There are some pretty good guides on the web (parktools has a good one), but there are some things that make the whole process easier. bike stand etc.

    But, once you've set it up, you'll be able to sort it out on the trail when things go wrong and that's priceless! especially if your miles from the nearest LBS :)
  • jairajjairaj Posts: 3,009
    If its the gears then you can't to too wrong. Badly set up gears probably just strain the chain a bit more but as you're just gently spinning the chain while tuning the gears it'll be fine. If you really mess up wait till LBS sort it out before riding you don't want to snap a chain or send your rear mech into the spokes.
  • mcj78mcj78 Posts: 634
    I'd risk severe llama damage & give it a bash yourself - I set my gears for the first time (properly, not just twiddling things randomly until it all sort of worked) recently & found some of the videos on youtube really helpful - so are the park tools guides which you can print off & go through step by step, cable tension is more important that I first thought - yours may only need quick clean & 5 mins playing arouind with the barrel adjusters, either way i'd definitely give it a bash yourself before shelling out (it's also rather satisfying if you persevere & work it out)

    Enjoy!
    Moda Issimo
    Genesis Volare 853
    Charge Filter Apex
  • monkeylizardmonkeylizard Posts: 155
    jairaj wrote:
    send your rear mech into the spokes.

    That's the sort of 'how wrong' I was thinking of...

    Thanks for all the tips - I think I'll spend some time reading up and give it a bash :)
  • BorisSpencerBorisSpencer Posts: 786
    diy wrote:
    IME its is best to start with clean cables before making any other adjustments. Put the rear shifter in the top gear (small cog). Push the rear mech by hand to towards the big cog, so that the cables go slack and then unhook the cables from the frame. you can then slide the sleeves to one end. Then rub the cables down with some rubbing alcohol, brake cleaner or if you have to wd40 to clean them. Squirt Teflon lube in to the cable sleeves to clean out the dirt and lube them. Put back in to place and repeat for front.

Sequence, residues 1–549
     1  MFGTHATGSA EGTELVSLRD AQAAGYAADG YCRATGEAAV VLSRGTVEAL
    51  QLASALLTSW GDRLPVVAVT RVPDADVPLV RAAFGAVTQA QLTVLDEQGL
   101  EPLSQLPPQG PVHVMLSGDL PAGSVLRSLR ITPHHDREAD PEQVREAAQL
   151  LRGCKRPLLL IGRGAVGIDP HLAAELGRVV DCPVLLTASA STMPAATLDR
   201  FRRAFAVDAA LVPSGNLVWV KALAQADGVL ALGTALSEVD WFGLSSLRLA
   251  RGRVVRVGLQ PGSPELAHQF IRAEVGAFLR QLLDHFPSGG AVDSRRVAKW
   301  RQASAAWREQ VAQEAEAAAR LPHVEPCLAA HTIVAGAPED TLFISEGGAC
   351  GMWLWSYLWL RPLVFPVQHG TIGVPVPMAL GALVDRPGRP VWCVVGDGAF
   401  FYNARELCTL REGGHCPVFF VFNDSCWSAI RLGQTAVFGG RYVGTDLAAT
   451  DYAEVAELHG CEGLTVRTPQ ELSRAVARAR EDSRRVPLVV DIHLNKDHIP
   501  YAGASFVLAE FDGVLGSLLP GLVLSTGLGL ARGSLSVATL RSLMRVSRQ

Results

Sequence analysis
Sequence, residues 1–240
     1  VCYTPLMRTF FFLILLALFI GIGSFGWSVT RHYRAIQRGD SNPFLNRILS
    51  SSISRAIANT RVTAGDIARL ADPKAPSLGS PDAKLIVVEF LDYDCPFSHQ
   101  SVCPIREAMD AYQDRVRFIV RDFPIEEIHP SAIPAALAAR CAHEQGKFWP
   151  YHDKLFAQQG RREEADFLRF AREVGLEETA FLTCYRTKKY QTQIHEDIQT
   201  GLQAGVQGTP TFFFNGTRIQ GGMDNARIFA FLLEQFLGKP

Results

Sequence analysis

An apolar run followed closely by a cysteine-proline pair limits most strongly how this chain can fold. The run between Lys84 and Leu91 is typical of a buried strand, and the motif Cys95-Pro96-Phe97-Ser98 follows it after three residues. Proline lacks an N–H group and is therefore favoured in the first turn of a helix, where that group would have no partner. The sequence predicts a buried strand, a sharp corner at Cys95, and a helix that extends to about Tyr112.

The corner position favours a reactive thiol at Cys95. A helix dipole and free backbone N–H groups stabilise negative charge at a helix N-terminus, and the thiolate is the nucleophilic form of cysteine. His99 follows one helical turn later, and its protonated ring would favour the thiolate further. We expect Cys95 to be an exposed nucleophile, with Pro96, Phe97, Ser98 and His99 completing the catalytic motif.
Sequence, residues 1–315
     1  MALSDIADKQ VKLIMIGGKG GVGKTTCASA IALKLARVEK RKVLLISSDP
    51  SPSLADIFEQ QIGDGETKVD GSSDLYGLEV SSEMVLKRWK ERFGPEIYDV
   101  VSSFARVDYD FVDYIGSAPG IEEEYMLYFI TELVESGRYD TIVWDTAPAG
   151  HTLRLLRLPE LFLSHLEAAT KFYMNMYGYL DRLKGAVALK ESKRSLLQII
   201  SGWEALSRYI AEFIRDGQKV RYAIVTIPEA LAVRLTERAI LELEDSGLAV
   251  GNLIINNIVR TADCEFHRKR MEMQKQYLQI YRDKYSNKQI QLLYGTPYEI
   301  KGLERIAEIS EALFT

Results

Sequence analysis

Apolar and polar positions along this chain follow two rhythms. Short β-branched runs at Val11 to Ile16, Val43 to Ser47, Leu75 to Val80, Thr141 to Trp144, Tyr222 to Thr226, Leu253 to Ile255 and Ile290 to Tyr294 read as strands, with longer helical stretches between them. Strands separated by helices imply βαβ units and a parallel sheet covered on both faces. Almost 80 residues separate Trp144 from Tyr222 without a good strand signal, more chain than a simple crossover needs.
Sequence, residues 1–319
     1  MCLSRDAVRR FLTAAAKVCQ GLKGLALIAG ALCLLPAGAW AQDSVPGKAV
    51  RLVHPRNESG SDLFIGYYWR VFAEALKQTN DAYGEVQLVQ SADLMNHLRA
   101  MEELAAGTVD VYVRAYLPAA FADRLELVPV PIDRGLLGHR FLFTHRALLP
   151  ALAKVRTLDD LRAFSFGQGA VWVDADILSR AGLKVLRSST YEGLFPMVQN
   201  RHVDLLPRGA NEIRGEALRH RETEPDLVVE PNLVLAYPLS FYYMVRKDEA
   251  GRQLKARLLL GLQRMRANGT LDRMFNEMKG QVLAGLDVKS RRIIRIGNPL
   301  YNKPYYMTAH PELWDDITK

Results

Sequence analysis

Only once your cables are clear from clag should you even think about making other changes.

    + A pound of King Edwards.
    Anything you do without first cleaning/replacing the cables will be a waste.
    Change to largest cogs front and back whilst turning cranks, then shift to the smallest cogs without turning the cranks. The cables will now have gone slack and you can slide the outer out of their stops.
    Whilst your cleaning check for kinks in the inners and outers, Frayed inners or splits in the outers.
    The cables are about the cheapest thing on your bike to replace, and can make a massive difference to the shifting experience.

    Edit - Don't adjust the High and Low screws yet, if nothing else has changed they won't need moving.
    Northwind wrote: It's like I covered it in superglue and rode it through ebay.